Vaccinated people should still wear face coverings while indoors, in places such as K-12 schools in areas with substantial or high coronavirus transmission rates, according to new Centers for Disease Control and Prevention guidelines issued Tuesday.
The new guidance could change how trustees and superintendents write school reopening policies. It also marks a major reversal from the public health agency, as the spread of the coronavirus delta variant sparks new health concerns nationwide. On July 9, CDC back-to-school guidelines stated that masks should be worn by all individuals, age 2 and older, who are not fully vaccinated.
The changeup accompanies surging coronavirus case numbers in Idaho, where the most recent weekly increase mirrors numbers from May. Meanwhile, limited lab capacity in Idaho means the state’s information on the spread of the delta variant is incomplete.
If Idaho were to follow the new CDC guidance, which is not required, people in 28 counties would be required to mask while indoors. Here’s a break down of countywide risk levels across Idaho, according to the CDC’s nationwide tracker:
- High: Ada, Bear Lake, Bingham, Custer, Fremont, Idaho, Kootenai, Latah, Madison, Minidoka, Nez Perce, Oneida, Power, Shoshone, Twin Falls, Valley
- Substantial: Bannock, Blaine County, Boise, Bonneville, Canyon, Cassia, Elmore, Franklin, Gem, Jefferson, Lemhi, Lewis
- Moderate: Adams, Benewah, Bonner, Boundary, Caribou, Clearwater, Gooding, Jerome, Lincoln, Owyhee, Payette, Teton, Washington
- Low: Butte, Camas, Clark
In the CDC’s data, “substantial” coronavirus spread means there have been 50-100 cases per 100,000 population over a seven-day period. “High” spread means there have been over 100 cases per 100,000 population in that time. The CDC’s calculation for county risk levels might differ from local health districts, who calculate their data differently to accommodate for things like population size.
Transmission of COVID-19 is still highest in places with low vaccination rates and among people who are unvaccinated, CDC Director Rochelle Walensky said during a briefing Tuesday afternoon.
Increased spread and an approaching school year have heightened concerns in Idaho. On Tuesday morning, Saint Alphonsus Hospital uploaded a video to Twitter featuring Chief Clinical Officer Steven Nemerson, urging public school leaders to look into mask requirements. Nemerson outlined low vaccination rates among young people and his concerns that children under 12 years old cannot be vaccinated.
As the new school year approaches, @SaintAlsHealth Chief Clinical Officer Dr. Steven Nemerson is worried about protecting kids’ health, especially with the higher incidence of #COVID19 cases and the Delta variant being found in the area. #ourcallingisyou #getvaccinated #WearAMask pic.twitter.com/n8v3sNB9wB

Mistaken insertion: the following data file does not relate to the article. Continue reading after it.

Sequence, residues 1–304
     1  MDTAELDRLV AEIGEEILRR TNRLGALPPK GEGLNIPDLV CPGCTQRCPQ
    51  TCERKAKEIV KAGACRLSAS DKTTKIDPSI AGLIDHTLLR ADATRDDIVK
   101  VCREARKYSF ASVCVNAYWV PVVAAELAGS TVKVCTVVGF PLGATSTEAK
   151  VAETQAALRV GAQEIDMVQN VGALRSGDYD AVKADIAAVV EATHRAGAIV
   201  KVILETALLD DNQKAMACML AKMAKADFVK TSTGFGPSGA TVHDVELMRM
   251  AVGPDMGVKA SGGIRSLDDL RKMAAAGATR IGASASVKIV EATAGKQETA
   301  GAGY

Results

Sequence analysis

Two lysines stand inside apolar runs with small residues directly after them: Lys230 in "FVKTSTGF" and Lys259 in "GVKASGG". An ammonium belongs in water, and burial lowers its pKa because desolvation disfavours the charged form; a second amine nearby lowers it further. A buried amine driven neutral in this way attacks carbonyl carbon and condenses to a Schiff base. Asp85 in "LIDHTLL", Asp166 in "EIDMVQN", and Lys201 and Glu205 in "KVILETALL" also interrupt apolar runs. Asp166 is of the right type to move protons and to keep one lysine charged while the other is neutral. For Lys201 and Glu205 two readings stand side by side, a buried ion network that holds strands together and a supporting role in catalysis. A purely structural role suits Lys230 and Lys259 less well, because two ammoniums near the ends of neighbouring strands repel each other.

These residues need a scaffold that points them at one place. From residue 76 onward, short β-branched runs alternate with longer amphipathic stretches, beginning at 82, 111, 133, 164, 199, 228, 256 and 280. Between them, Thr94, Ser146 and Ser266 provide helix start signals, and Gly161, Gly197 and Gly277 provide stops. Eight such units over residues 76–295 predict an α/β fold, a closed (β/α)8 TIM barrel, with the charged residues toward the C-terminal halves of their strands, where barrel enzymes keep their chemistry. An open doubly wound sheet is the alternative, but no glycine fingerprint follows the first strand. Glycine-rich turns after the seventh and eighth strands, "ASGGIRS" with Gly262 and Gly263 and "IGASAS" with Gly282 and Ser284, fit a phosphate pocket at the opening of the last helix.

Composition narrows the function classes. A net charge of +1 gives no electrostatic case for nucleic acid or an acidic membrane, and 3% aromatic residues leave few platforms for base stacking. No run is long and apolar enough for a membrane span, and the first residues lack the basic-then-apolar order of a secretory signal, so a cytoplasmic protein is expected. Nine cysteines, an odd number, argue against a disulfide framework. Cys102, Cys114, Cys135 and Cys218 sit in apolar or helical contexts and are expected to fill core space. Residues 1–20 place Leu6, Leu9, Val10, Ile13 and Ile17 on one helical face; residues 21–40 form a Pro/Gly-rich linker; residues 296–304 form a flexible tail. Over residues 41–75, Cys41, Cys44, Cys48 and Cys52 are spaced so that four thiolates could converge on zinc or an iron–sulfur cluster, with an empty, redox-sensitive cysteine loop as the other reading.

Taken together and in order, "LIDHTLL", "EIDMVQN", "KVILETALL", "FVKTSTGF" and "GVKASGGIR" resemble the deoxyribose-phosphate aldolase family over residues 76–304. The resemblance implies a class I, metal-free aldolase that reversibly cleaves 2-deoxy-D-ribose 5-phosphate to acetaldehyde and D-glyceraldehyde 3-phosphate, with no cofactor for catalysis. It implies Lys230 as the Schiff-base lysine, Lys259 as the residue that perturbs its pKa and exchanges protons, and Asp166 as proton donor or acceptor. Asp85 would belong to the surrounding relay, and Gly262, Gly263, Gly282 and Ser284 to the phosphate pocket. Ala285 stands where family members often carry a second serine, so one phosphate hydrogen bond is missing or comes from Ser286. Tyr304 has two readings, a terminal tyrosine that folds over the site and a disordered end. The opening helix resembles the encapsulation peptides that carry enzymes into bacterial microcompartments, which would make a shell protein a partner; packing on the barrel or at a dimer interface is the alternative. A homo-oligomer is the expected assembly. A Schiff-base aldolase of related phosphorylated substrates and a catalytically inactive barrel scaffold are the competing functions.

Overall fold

— Saint Alphonsus (@SaintAlsHealth) July 27, 2021
On Tuesday afternoon, Central District Health released a statement in support of the new CDC guidance.
Most of Idaho’s school districts lifted their mask mandates over the spring and summer.
Boise School District trustees approved their 2021-22 pandemic plan on July 12, which included making masks optional for vaccinated students, staff members and visitors. Those who are unvaccinated are “encouraged” to wear a mask, but it is not required. Boise Public Affairs Administrator Dan Hollar said district leadership will be meeting with local healthcare partners before to see how the new guidance will potentially affect their pandemic response plan.
West Ada and Caldwell both dropped their mask requirements in early June. Idaho Falls, Nampa and Pocatello-Chubbuck followed suit in May. West Ada’s new pandemic operational plan gives Superintendent Derek Bub the authority to implement a mask requirement when needed. West Ada spokesperson Char Jackson told EdNews on Tuesday that the CDC’s new guidance will not be affecting the existing pandemic operation plan.
Mask mandates by school districts have been a hotly contested issue. Over 100 West Ada parents protesting the district’s mask mandate attended the May board meeting, and many left unhappy when trustees voted to keep masks mandatory for the final two weeks of the school year.
On Wednesday afternoon, Bub released a statement to district patrons, assuring them that the district’s policy on mask wearing has not changed.
“If a change is necessary, because of new guidance or data, we will be sure to make such changes public,” Bub wrote.
Nampa Board Chair Mandy Simpson abruptly adjourned a special meeting days later, when attendees began jeering commenters supporting the district’s mask mandate.
Nampa has not discussed reinstating the mask mandate, said communications director Kathleen Tuck said.